Most people know that the Mid-America Science Park’s (MASPark) Training and Workforce Development Center is a place where people can learn valuable skills, but in the world of economic development, the center also serves as a valuable tool to attract new business as well as retain and grow existing business.
Craig Mull, the plant manager at Samtec’s Scottsburg facility, says the Training and Workforce Development Center contributed to the company’s decision to locate here.
“The opportunity to leverage the science park for technical training was one of the decisions that we used when we moved up here,” said Mull.
Mull added that nothing provides more bang for the buck than hands-on technical training like their employees can receive at the Science Park, where they can train with the same equipment they use in the workplace.
“You can see it on a computer, there’s a lot of things you can learn from simulation, but there’s very few things that will replace actually running a piece of equipment,” Mull said.
President of Ilpea Industries, Wayne Heverly echoed Mulls sentiment.
“I think from a local standpoint, it’s a huge advantage to have this type of facility so close to home,” said Heverly. “It makes it really convenient for employees to improve their skill levels.”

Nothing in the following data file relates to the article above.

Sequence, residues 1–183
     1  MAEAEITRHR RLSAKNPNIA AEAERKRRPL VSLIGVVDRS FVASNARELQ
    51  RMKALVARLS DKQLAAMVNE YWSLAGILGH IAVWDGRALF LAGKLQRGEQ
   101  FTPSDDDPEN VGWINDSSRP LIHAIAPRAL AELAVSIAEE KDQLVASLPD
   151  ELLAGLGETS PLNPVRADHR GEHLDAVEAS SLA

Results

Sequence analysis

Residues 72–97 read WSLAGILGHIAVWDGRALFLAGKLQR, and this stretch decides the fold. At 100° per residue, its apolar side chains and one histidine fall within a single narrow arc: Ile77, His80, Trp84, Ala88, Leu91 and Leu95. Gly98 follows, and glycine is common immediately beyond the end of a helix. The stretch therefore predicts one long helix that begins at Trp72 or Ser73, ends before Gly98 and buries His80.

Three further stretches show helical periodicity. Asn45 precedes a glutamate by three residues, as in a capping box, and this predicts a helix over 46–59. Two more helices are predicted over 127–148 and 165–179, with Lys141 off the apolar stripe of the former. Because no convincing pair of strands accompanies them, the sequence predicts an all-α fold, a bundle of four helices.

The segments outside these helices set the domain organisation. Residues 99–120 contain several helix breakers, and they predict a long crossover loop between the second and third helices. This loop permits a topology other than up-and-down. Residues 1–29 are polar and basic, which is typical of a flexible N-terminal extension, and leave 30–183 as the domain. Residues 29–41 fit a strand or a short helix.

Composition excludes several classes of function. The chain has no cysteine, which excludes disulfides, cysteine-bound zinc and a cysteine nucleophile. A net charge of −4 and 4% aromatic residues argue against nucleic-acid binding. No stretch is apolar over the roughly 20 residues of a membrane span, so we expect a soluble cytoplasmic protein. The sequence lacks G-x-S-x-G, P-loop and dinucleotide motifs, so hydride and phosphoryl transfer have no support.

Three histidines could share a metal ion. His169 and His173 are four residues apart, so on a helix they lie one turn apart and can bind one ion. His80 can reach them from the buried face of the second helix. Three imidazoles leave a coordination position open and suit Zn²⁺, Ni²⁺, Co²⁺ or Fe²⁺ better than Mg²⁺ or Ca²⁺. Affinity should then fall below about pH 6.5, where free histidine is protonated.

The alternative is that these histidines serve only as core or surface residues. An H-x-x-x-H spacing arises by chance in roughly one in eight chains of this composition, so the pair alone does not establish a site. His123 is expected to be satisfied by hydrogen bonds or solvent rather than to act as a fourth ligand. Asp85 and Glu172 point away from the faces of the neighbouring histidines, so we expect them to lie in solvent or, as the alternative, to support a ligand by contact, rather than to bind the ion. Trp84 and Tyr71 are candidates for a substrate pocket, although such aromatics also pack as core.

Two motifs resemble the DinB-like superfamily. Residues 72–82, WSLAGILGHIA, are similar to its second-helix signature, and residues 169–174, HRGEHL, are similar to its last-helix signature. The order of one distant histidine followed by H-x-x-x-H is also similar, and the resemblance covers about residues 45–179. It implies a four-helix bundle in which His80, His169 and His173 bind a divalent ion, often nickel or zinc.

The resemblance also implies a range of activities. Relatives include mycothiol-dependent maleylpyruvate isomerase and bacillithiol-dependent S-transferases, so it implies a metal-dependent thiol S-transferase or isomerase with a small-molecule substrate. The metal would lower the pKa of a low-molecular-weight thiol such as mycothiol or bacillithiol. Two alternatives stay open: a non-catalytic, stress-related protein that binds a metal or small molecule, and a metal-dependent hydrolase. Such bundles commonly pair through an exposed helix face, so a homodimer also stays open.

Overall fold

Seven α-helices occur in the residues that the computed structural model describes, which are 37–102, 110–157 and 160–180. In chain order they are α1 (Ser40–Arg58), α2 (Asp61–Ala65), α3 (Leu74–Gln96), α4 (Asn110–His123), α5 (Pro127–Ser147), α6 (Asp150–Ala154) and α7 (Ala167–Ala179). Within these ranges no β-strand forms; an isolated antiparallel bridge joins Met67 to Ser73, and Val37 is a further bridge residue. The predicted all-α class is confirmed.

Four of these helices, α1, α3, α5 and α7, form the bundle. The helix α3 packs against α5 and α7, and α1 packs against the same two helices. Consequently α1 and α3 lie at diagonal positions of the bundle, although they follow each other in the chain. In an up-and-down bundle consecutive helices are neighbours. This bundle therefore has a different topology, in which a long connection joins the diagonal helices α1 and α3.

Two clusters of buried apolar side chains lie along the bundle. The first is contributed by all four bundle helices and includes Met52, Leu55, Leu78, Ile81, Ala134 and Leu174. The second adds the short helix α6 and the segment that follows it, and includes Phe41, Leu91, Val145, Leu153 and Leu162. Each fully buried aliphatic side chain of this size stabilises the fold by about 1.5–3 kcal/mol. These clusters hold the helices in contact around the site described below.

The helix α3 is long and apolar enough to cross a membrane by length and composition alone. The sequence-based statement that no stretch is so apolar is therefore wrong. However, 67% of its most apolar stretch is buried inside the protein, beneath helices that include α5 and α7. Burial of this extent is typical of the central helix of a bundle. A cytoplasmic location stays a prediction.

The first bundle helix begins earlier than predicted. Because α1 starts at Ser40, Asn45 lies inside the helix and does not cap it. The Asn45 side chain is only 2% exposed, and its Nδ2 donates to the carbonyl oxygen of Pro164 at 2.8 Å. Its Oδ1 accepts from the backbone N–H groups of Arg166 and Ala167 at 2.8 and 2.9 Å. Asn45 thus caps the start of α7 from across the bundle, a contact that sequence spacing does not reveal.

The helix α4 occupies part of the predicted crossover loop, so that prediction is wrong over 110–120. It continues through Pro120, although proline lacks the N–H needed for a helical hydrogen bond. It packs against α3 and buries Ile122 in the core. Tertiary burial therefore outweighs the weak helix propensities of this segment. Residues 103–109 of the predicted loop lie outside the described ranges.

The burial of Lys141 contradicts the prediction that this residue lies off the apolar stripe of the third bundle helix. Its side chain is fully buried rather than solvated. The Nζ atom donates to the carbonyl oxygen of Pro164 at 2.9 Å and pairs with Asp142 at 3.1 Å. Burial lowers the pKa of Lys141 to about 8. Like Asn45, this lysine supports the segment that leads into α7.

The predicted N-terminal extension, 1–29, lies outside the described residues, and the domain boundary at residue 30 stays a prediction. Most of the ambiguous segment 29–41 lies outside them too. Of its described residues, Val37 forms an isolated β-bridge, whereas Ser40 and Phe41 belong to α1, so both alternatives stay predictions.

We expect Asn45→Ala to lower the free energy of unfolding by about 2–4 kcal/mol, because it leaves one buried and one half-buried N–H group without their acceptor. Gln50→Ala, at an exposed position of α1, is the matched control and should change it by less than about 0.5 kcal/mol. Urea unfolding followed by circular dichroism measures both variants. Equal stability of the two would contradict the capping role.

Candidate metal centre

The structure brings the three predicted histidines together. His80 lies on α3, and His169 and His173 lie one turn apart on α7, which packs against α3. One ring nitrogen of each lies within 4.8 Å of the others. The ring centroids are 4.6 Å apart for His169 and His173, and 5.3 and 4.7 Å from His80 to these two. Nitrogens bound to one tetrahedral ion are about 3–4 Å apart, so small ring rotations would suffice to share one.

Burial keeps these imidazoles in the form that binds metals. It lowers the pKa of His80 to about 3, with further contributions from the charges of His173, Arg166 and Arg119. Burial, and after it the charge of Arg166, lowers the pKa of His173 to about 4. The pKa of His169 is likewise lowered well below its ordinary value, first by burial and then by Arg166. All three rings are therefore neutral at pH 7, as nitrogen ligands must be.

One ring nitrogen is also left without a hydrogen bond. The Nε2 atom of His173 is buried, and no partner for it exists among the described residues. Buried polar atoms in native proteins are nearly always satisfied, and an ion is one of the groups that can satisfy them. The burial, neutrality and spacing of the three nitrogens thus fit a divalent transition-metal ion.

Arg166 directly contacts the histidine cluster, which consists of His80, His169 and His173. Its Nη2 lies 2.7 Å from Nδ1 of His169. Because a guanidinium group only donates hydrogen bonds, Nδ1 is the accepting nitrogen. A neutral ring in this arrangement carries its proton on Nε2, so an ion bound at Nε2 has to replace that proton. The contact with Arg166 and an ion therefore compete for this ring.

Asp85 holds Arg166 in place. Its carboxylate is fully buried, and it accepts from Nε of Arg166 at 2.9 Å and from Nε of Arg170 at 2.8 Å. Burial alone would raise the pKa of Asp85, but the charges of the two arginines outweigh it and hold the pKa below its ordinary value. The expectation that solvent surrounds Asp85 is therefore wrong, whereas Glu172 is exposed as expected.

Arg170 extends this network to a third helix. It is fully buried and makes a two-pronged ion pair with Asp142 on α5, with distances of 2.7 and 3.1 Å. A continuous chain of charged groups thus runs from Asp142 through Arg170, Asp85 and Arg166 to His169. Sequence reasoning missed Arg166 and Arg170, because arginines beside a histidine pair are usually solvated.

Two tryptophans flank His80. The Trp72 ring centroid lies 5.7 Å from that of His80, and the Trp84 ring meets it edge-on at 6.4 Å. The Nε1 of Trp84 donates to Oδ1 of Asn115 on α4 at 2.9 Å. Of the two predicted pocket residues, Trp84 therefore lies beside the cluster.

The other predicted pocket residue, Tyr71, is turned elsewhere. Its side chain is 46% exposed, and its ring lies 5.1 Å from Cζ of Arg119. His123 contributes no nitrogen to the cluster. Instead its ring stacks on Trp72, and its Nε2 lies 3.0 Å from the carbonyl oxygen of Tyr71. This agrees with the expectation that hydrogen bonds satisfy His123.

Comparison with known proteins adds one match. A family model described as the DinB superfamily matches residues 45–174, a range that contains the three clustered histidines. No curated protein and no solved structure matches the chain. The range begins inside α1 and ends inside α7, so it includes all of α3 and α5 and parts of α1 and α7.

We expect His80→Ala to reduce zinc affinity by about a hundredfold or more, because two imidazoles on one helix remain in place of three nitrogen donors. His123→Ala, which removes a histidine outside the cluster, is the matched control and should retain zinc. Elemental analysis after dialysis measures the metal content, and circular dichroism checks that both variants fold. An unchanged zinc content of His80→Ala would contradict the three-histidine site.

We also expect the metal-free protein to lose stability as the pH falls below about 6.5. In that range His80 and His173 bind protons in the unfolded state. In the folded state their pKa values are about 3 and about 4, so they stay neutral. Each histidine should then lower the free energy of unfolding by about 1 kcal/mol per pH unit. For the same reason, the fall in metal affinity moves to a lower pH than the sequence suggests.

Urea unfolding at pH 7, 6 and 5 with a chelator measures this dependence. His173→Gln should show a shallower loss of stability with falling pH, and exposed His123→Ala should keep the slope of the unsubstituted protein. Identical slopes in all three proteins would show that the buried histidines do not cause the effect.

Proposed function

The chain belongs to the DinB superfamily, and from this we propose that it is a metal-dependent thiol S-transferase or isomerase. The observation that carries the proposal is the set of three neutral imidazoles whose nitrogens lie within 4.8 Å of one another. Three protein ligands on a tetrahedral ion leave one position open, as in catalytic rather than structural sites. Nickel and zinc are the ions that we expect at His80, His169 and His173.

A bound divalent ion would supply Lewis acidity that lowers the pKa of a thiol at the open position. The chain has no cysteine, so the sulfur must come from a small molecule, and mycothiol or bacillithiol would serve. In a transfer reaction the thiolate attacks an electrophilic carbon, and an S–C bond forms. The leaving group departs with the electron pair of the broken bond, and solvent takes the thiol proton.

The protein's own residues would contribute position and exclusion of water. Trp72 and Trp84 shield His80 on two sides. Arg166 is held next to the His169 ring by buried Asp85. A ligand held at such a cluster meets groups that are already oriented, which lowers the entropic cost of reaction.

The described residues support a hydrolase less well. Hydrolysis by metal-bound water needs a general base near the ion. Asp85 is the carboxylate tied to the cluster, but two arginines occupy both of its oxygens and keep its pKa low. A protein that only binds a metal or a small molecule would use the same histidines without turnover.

Partnerships that the Scott County Economic Development Corporation (SCEDC) and the Science Park have with Vincennes University and Ivy Community College make that training possible. Local manufacturers in the SCEDC’s Regional Manufacturing Alliance help design the curriculum offered to ensure it is relevant to their needs.
Access to skilled workers is a universal problem throughout the country. Communities that invest in unique workforce development initiatives like the ones in place at Mid-America Science Park will set themselves apart. That includes working with the region’s local school systems to develop a pipeline of talent from which employers can recruit.
“To know that teenage students are getting exposure to this and starting to learn this equipment, getting certifications throughout the Mid-America Science Park is a second to none opportunity in my opinion,” said Marc Slaton, Ph.D., Superintendent of Scott County District 2.
Students at both Scott County District 2 and Scott County District 1 are earning college credit hours and certifications in welding and advanced manufacturing.
Robert Anderson, Superintendent of Scott County District 1, calls it a great partnership.
“We have 17 students this year who are taking advantage of getting several different certifications. We’ve had students get certification in welding, in safety. It has just been a wonderful experience,” said Anderson.
Anderson said the partnership has also fostered greater collaboration and understanding among educators and employers.
“It’s created a partnership between some of the employers and the school system, opened up a dialogue about what the needs of each other are,” said Anderson. “Manufacturers and other employers, they’re looking for good employees and it’s to their advantage also to see our kids excel. It’s kind of helped get us on the same page and help understand what we all need and what we all want. It’s a win-win for everyone.”
To learn more about opportunities at the Training and Workforce Center and to see a video of these and other interviews visit maspark.org/video.